Women, Peace and Security: Keeping the promise. How to revitalize the agenda 15 years after UNSCR 1325 | Peacebuilding | United Nations

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In 2000, the UN Security Council adopted Resolution 1325 to uphold women’s rights in conflict and their roles in peace and security. Despite signs of progress, the impact on women’s lives and roles worldwide has been sporadic. This briefing argues that 15 years on, the UN and Member States should use a formal review of the Women, Peace and Security agenda as a crucial opportunity to address key gaps. New commitments should focus on women’s participation, preventing conflict and gender-based violence, monitoring and implementation, and financing.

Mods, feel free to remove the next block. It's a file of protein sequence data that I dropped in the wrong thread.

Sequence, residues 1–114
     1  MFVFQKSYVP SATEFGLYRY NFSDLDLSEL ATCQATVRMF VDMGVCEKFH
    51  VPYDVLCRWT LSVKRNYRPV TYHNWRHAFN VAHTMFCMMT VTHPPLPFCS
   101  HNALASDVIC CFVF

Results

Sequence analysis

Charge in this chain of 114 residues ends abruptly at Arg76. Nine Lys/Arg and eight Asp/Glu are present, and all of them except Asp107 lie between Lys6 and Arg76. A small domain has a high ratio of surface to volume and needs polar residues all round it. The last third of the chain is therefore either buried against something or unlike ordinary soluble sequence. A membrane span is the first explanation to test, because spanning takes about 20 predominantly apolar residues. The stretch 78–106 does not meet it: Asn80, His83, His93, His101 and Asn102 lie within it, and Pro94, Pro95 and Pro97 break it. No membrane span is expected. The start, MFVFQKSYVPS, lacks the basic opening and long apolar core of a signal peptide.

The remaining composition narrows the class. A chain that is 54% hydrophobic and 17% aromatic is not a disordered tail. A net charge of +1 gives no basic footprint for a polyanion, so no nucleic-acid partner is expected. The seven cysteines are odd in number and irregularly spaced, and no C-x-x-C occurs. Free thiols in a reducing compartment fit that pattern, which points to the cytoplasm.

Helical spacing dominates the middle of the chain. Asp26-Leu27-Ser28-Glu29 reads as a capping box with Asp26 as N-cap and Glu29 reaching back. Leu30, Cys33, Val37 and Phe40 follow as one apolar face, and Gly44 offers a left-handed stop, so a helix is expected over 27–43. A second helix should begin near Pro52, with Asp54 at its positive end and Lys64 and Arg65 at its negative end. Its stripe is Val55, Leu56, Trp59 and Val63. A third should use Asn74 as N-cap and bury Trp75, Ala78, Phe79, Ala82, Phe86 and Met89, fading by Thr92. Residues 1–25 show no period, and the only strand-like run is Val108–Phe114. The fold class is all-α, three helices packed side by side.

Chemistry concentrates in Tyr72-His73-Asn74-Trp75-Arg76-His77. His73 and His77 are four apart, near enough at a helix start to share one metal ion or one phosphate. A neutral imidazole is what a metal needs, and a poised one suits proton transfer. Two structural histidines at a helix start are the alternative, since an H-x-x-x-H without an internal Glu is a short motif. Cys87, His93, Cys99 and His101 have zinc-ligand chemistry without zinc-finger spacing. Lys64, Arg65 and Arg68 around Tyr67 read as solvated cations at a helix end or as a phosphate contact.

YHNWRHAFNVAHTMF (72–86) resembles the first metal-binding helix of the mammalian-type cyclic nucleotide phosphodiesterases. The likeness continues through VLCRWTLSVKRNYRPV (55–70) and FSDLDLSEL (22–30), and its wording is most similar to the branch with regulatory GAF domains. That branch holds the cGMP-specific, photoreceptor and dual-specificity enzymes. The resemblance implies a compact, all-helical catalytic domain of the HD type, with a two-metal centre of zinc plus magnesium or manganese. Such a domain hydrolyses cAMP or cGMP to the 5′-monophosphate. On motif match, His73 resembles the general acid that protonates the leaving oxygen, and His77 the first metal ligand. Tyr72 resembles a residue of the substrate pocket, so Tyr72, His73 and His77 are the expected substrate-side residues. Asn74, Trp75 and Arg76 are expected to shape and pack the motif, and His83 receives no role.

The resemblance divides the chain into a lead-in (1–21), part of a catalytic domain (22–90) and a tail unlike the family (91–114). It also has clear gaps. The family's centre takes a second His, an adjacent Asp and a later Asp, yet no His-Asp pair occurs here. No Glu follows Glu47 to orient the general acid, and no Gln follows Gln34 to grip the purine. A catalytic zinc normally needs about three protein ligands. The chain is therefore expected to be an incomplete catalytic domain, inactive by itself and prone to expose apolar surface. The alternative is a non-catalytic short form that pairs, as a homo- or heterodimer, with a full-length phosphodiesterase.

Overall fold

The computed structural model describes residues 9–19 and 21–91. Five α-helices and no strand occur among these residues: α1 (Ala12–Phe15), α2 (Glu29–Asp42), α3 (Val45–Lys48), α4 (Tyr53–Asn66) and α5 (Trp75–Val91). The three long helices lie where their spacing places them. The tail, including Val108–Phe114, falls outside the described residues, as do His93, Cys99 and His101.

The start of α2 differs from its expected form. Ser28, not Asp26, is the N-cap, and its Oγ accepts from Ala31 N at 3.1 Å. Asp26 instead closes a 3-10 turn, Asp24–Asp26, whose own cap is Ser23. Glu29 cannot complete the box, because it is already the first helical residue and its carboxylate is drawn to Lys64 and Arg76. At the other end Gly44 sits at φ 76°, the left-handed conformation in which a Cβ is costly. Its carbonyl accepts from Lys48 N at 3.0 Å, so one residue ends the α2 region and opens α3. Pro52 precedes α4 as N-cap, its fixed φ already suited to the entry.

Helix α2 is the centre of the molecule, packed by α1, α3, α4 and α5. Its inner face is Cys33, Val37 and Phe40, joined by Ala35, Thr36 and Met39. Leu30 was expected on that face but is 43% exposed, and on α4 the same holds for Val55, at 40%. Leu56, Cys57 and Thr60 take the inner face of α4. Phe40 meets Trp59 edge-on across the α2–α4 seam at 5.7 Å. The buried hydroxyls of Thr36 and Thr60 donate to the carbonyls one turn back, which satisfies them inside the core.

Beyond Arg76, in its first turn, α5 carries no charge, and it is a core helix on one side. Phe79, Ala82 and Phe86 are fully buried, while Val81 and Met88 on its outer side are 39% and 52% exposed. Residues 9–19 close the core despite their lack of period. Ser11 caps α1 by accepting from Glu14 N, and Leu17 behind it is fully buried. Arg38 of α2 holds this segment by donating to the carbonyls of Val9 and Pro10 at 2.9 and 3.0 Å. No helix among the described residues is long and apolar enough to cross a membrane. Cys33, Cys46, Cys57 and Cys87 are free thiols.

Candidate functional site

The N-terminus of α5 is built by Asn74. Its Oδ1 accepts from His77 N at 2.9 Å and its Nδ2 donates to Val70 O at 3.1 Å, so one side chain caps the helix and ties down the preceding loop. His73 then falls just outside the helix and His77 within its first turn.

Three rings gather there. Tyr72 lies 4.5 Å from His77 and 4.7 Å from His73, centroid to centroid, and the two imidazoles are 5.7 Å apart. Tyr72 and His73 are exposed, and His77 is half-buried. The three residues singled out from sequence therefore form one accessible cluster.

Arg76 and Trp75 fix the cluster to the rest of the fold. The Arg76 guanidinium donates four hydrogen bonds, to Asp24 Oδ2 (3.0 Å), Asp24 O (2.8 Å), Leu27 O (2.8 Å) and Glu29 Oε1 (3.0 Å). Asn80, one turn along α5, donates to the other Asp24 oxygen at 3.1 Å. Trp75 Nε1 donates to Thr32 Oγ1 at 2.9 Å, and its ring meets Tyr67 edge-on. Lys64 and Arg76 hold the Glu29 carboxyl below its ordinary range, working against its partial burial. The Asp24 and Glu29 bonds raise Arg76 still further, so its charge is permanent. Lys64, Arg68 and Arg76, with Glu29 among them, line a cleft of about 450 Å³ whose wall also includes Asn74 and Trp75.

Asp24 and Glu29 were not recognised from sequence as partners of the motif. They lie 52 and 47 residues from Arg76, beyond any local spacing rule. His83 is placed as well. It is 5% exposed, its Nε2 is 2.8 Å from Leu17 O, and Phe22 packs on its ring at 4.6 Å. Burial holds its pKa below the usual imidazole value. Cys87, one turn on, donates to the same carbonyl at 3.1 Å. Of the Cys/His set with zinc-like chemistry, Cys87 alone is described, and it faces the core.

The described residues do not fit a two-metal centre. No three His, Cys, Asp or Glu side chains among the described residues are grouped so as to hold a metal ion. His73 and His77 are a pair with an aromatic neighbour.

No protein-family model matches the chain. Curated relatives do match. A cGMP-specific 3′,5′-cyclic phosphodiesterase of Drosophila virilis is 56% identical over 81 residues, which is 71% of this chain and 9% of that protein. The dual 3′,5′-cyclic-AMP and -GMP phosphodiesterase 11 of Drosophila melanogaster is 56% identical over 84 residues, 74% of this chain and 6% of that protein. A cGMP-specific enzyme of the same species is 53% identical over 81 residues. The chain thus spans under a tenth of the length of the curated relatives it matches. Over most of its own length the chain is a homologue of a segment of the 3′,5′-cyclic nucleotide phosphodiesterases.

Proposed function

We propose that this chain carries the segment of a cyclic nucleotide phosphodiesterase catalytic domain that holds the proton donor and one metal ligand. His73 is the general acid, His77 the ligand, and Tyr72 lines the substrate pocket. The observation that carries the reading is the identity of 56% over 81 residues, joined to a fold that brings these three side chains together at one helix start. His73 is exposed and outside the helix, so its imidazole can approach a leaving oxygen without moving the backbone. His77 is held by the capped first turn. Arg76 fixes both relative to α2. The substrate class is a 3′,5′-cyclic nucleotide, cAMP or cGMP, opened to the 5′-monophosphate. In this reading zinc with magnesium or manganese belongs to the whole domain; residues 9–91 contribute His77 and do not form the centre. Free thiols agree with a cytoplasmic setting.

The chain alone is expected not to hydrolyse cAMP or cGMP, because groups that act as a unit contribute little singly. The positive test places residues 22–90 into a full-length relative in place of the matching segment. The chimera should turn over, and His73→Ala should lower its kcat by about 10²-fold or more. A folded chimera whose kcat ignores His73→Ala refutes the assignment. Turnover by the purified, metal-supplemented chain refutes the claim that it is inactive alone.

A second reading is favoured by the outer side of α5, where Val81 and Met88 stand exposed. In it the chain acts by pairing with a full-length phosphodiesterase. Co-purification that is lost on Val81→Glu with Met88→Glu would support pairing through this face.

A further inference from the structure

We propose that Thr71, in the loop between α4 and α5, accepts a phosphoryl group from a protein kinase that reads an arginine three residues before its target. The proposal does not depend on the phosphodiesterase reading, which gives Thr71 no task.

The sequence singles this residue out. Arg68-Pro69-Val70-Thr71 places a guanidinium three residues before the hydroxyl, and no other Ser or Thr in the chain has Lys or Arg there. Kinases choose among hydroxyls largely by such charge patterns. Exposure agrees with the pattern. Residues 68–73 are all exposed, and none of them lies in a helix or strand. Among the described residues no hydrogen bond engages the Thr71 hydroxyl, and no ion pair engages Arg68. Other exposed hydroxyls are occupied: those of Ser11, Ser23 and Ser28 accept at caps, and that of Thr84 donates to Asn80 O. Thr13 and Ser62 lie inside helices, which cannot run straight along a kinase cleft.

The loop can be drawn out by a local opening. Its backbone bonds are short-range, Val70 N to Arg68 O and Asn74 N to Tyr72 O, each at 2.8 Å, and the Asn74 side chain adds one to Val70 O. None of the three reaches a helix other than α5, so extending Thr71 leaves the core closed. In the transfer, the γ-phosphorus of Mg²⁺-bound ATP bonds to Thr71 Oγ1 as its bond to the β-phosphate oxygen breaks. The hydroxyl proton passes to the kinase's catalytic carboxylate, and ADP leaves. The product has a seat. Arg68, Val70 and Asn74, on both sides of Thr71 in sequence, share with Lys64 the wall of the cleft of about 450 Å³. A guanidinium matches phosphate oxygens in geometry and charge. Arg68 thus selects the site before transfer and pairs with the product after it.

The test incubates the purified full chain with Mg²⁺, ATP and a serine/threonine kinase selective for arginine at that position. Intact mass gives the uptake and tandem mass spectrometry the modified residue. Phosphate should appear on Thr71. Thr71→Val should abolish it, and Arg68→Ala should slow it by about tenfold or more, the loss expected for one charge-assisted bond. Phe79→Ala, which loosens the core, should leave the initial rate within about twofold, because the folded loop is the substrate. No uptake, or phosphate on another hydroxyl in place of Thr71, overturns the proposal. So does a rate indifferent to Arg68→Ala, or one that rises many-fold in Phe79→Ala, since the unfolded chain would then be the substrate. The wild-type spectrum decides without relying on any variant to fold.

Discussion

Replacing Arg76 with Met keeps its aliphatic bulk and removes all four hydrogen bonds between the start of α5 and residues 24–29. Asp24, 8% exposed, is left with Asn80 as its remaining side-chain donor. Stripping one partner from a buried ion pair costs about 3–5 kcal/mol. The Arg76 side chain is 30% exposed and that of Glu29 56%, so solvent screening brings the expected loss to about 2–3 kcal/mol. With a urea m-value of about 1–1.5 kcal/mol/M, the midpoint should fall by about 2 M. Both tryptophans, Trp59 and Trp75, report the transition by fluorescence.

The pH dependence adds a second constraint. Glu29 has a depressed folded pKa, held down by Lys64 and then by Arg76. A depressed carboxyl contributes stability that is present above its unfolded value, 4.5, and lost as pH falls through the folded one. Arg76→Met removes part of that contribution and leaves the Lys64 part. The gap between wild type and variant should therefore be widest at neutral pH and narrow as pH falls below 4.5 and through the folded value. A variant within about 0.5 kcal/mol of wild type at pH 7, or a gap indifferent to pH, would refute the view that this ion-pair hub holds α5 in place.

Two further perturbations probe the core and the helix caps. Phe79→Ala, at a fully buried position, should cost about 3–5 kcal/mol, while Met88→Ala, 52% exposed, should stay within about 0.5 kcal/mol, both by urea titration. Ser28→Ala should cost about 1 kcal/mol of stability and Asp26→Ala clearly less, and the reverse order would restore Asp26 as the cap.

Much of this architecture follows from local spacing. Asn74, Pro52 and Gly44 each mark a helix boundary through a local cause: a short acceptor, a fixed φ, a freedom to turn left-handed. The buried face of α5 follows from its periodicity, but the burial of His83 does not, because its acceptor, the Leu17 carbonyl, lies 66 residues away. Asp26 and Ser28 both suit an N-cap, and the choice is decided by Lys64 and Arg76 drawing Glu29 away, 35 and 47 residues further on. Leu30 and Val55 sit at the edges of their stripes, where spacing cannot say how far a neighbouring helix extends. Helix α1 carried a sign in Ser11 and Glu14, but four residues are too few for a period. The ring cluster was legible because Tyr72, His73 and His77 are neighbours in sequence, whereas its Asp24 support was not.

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  OXFAM BRIEFING PAPER  3 SEPTEMBER 2015 www.oxfam.org Clockwise from left: teaching women literacy and political rights in Yemen; a policewoman in Afghanistan; a villager addressing an Oxfam public health meeting in South Sudan; a Syrian refugee in Lebanon; discussing local peace issues in South Sudan. Credits on back page. WOMEN, PEACE AND SECURITY: KEEPING THE PROMISE How to revitalize the agenda 15 years after UNSCR 1325 In 2000, the UN Security Council adopted Resolution 1325 to uphold women’s rights  in conflict and their roles in peace and security. Despite signs of progress, the impact on women’s lives and roles worldwide has been sporadic. Fifteen years on, the UN and Member States should use a formal review of the Women, Peace and Security agenda as a crucial opportunity to address key gaps. New commitments should focus on women’s participation , preventing conflict and gender-based violence, monitoring and implementation, and financing.  2 EXECUTIVE SUMMARY Conflicts threaten devastating consequences for everyone  –  but women and girls face particular impacts. In general, women and girls have access to fewer resources to protect and sustain themselves, are more often the deliberate target of gender-based violence and are more often excluded from political processes essential for peace and security. The number of conflicts  –  especially intra-state conflicts  –  has recently been on the rise worldwide (although still below the peak that occurred in the mid-1990s), contributing to record numbers of forcibly displaced people in 2014. 1  Many of these conflicts are marked by violent extremism and acts of gender-based violence and abuse. This poses huge challenges both for communities and governments directly affected and for world leaders charged with maintaining international peace and security. The need for inclusive peace and recovery processes backed by popular support has never been greater. Yet, although women have led and supported peace and recovery efforts in communities across the world, they remain largely excluded from negotiations and decision making. Recognizing these challenges, the international community has taken some important steps. In 2000, the UN Security Council passed Resolution 1325 on Women, Peace and Security. UNSCR 1325 called for women to participate in peace efforts, greater protection from violations of their human rights, improved access to justice and measures to address discrimination. Since the adoption of UNSCR 1325, there have been many new commitments, growing policy recognition and increasing political rhetoric in relation to the Women, Peace and Security agenda. Six additional UN Security Council resolutions have helped develop the policy framework and promote positive norms. Denmark became the first country to develop its National Action Plan (NAP) to implement UNSCR 1325 in 2005, while Cô te d’Ivoire led the way in sub-Saharan Africa in 2007. The African Union Commission launched its five-year Gender, Peace and Security Programme in June 2014 to promote women’s participation and protectio n across the continent. By July 2015, 49 states 2  had published one or more NAPs. There have been some visible achievements in countries recovering from conflict. Twenty years after the 1994 genocide, Rwanda has the highest ratio of female parliamentarians in the world: 64 percent. 3  In 2006, Ellen Johnson Sirleaf was elected Liberia ’s first female president   in the wake of that country’s civil war. In Afghanistan ’s  2014 presidential and provincial elections, a record 300 women stood as candidates for provincial councils. There are 69 female MPs in Afghanistan (27.7 percent of a total of 249) compared with none in 2001. However, the impact on women’s lives and their   formal role in peace and security worldwide has been sporadic. Globally, the political will required to enable women’s meaningful participation in peace processes and security institutions, to holistically address the underlying causes of conflict, violence ‘Resolution 1325 holds a promise to women across the globe that their rights will be protected and that barriers to their equal participation and full involvement in the maintenance and  promotion of sustainable peace will be removed. We must uphold this promise.’    Kofi Annan, UN Secretary-General, October 2004   3 and gender inequality, to promote implementation through transparent reporting and civil society engagement, and to mobilize necessary financial resources is frequently absent. High Level Review: addressing the obstacles  As the world prepares to mark the 15 th  anniversary of the adoption of UNSCR 1325 in October 2015, the Security Council is conducting a High Level Review. This welcome review aims to assess progress at the global, regional and national levels in implementing UNSCR 1325, renew key commitments and address obstacles that have been identified. To prepare for this, the Secretary-General commissioned a Global Study to identify good practice, gaps and challenges, and priorities for action. The effort that Spain, which holds the presidency of the UN Security Council in October, has been putting into its preparations for the High Level Review is welcome, as is its aspiration that any new UN Security Council resolution be genuinely measurable. Spain has also been playing a positive role by promoting the integration of the Women, Peace and Security agenda into various UN Security Council activities.  Actions by Spain and the UK (which leads on the Women, Peace and Security agenda at the UN Security Council) to mobilize wider political support for necessary new commitments are also welcome and should be complemented by engaging civil society and women’s rights organi zations to inform discussions and preparations for the High Level Review. It is essential that all UN Member States and agencies use the High Level Review, the findings of the Global Study and recommendations by relevant civil society organizations (especially women’s rights groups) not only to recommit to the principles and ambition of the Women, Peace and Security agenda  –  they should also adopt new, specific measures to address the gaps and challenges identified, set new targets and translate useful policy and political recognition into more effective practice. For example, women’s  meaningful participation in peace talks supported by the international community remains a rarity. An Oxfam study of 23 known  Afghanistan peace talks between 2005 and 2014 found that during negotiations between the international community and the Taliban, not a single  Afghan woman had been involved. 4  Such cases send a terrible message to all other actors that women do not matter, reinforcing gender inequality and the marginalization of women.  At local levels, women’s participation in peacebuilding and conflict prevention activities, as well as the monitoring of peace accords, is often hindered by physical risks and limited access to basic services and livelihoods. The UN and some Member States have made progress in supporting women’s roles and integrating gender expertise and analysis  –  but more needs to be done. The UN itself should build on existing targets for w omen’s leadership and ensure that, by 2020, 40 percent of senior roles across its peace, security and development institutions, including envoys and heads of agencies, are held by women. 5    4 Important steps have been taken to reduce the impacts of conflict. These include the landmark Arms Trade Treaty, which obliges state parties to consider the risks to women and girls arising from arms transfers. But the prevention of conflict itself  –  including by tackling the complex root causes of conflict such as structural social and economic inequalities  –  has not received adequate attention. A holistic approach informed by a comprehensive gender analysis is needed that, for example, enables women to engage in local peacebuilding efforts by addressing not just their technical capacity and advocacy skills but also their basic needs. Turning rhetoric into reality There have been significant efforts to raise awareness and mobilize efforts in relation to gender-based violence in conflict. Serious obstacles remain, however, including the lack of female personnel in the security sector and the frequent failure to hold perpetrators of gender-based violence accountable. More robust action is needed to ensure that the positive rhetoric around efforts to tackle gender-based violence is matched by reality. Challenges and gaps on the issue of reporting and implementation remain. At the UN Security Council, systematic mechanisms to promote effective analysis, monitoring and implementation in relation to Women, Peace and Security were absent at the outset. This may account for the inconsistent integration of UNSCR 1325 commitments in Security Council discussions, documents and decisions over the years. For example, not one of the 11 Security Council resolutions on Israel  – Palestine since 2000 has mentioned gender or UNSCR 1325 commitments. Such gaps not only maintain the exclusion of women from peace talks but miss opportunities to revive peace processes on conflicts that have defied all attempts to resolve them. Recent efforts to address such issues at the UN Security Council are welcome. But setting up a dedicated working group  –  comprising experts from Member States, UN agencies and civil society  –  to review and inform UN Security Council plans, actions and resourcing, would improve consistency and accelerate progress. The 2015 Peace Building  Architecture Review and the High Level Independent Panel on Peace Operations also provide opportunities to promote gender equality across all peace and security activities in mutually reinforcing ways.  Across the world, Member States can enhance implementation by ensuring their action plans are supported by formal processes to engage women’s rights groups and civil society experts, as well as through regular public reporting of progress and mechanisms for monitoring and evaluation. States looking for a model of civil society engagement should consider the Netherlands NAP, whose production involved a wide range of actors including research institutes , international NGOs, women’s peace movements and diaspora groups. 6   Another crucial weakness in the Women, Peace and Security agenda has been the lack of funding to implement it. Without an adequate, dedicated budget, a national or regional action plan (RAP) resembles a car without fuel: it may be well designed, but it remains incapable of moving forward. A few countries, such as Spain, started well but then cut their NAP funding to inadequate levels. Missing from the table From 1992 to 2011, less than 4 percent of signatories to peace agreements and less than 10 percent of negotiators at peace talks were women. UN Women Sourcebook on Women, Peace and Security, 2012